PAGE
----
Also, trying to fit gravitons into general relativity also leads to ultraviolet divergences, without any way of renormalizing(except a theory of quantum gravity, of course.) For example, trying to use two gravitons in a Feynman diagram leads to infinite, nonsensical answers. Though, what I was trying to get at was that fact that at distances shorter than the Planck Length, the idea of smooth space vanishes in favor of violently curved quantum foam. 


#7
Mar1912, 12:15 PM

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#8
Mar1912, 01:42 PM

P: 526

Though, what I was trying to say was that standard QM (electromagnetic force, weak nuclear force, and strong nuclear force, no gravity) fails to renormalize GR's infinities in a singularity, because, like you said, at the planck length gravitons would be required, and standard QM can't handle graviton interactions. 


#9
Mar1912, 03:33 PM

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Also, I don't think a singularity is physically possible, as a singularity is nonsensical. 


#10
Mar1912, 07:20 PM

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P: 2,193

With regards to singularities, I agree that such a physical object is nonsense, but that's not what I said. Whatever theory of QG could still predict such a mathematical beast, just as GR did (assuming such a theory of QG is not some kind of 'ultimate theory of everything', but whatever that means is a long tangent). If the cosmic censorship hypothesis is correct, it could be reasonable that a physical description of such objects can never be made concrete, since they are doomed to remain forever within event horizons. On the other hand, of course (and this is more likely IMO), the theory could predict some other as of yet unknown behavior for the objects.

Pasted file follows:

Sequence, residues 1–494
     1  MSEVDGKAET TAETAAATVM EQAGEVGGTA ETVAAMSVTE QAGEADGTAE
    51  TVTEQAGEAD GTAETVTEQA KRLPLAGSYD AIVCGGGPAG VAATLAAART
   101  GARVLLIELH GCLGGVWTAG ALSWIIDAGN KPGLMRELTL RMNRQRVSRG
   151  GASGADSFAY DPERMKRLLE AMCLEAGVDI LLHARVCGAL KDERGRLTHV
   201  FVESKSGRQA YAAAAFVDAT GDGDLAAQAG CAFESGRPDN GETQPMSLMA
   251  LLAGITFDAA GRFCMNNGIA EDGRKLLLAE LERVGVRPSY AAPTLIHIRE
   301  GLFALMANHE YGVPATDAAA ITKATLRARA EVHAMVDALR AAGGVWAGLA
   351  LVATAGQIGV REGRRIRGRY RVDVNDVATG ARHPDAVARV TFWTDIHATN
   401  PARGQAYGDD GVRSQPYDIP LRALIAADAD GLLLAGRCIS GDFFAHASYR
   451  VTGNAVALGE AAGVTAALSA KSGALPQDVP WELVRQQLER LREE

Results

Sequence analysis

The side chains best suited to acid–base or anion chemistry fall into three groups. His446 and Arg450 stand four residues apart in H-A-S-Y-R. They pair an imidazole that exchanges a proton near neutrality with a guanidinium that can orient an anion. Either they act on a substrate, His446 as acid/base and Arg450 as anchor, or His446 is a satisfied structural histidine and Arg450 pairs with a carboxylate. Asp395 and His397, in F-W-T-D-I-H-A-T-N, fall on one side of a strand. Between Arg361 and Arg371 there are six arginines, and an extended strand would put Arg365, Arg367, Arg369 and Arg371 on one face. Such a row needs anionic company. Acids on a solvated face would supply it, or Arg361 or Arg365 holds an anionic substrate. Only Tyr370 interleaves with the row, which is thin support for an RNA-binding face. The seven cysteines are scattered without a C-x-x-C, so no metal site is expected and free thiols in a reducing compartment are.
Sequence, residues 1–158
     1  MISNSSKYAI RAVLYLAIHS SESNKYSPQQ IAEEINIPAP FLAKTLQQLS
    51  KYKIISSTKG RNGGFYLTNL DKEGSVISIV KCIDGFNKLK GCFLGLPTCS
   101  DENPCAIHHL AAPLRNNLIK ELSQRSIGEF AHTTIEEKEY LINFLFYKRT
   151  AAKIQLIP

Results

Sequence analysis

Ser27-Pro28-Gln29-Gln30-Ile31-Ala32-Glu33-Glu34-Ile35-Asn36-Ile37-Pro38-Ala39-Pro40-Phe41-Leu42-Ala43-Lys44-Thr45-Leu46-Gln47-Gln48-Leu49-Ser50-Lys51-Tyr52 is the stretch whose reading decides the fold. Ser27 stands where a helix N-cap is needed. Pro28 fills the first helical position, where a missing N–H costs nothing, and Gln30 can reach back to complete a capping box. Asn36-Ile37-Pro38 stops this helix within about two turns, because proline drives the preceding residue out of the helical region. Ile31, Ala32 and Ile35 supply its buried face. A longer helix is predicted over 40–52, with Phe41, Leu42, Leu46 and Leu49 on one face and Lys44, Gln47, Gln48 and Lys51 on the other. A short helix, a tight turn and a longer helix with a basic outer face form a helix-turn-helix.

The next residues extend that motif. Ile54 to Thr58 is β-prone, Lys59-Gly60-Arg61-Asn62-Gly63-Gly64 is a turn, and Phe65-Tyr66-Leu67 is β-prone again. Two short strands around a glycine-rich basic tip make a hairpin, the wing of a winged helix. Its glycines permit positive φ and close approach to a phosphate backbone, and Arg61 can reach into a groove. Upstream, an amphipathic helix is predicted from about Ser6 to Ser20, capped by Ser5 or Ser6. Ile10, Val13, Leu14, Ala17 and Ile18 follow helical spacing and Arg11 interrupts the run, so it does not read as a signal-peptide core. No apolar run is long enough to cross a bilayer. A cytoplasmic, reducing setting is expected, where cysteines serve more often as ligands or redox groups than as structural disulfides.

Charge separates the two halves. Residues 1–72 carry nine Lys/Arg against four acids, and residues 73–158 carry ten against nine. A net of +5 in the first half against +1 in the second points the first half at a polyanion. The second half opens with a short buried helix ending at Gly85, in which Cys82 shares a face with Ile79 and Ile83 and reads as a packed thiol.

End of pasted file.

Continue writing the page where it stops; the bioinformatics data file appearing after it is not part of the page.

#11
Mar2012, 05:39 AM

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PF Gold
P: 9,487

In mathematical terms, a singularity is the value or range of values of a function for which a derivative does not exist. In more common usage a singularity is the point at which our models cease to be predictive. Most scientists view a singularity as a defect in the model as opposed to something tangibly infinite in some respect. One of the great successes of quantum theory was development of renormalization techniques that resolved the infinities that formerly plagued quantum field theory. Unfortunately, we have not figured out how to renormalize gravity.



#12
Mar2012, 06:51 AM

P: 65




#13
Mar2012, 06:56 AM

P: 65

Disregarding as accurate that which you can't understand, even after it's been shown to you, is like a dog chasing his tail.



#14
Mar2012, 08:05 AM

P: 608

I am familiar with Cantor's work on infinity, but I'm not sure that this is quite what he was getting at. He proved that there are different types or degrees of infinity, but I don't think this is the same as saying "infinity is nonsense." I'm also not sure of the relevance of his work to physics, though I have heard of "Cantorian space time." (No idea what it is) Lots of cool stuff to be explored here though I think. I'd be interested to hear what people think. Dave K 


#15
Mar2012, 08:56 AM

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#16
Mar2012, 09:39 AM

P: 608

DaveK 


#17
Mar2012, 09:43 AM

Sci Advisor
P: 1,686

EDIT: Sorry, that response was curt and unhelpful. What I mean to say is that science uses empiricism to form a representation of reality. You seem to be suggesting that we should suspend this correspondence in the face of mathematical singularities. 


#18
Mar2012, 10:13 AM

P: 65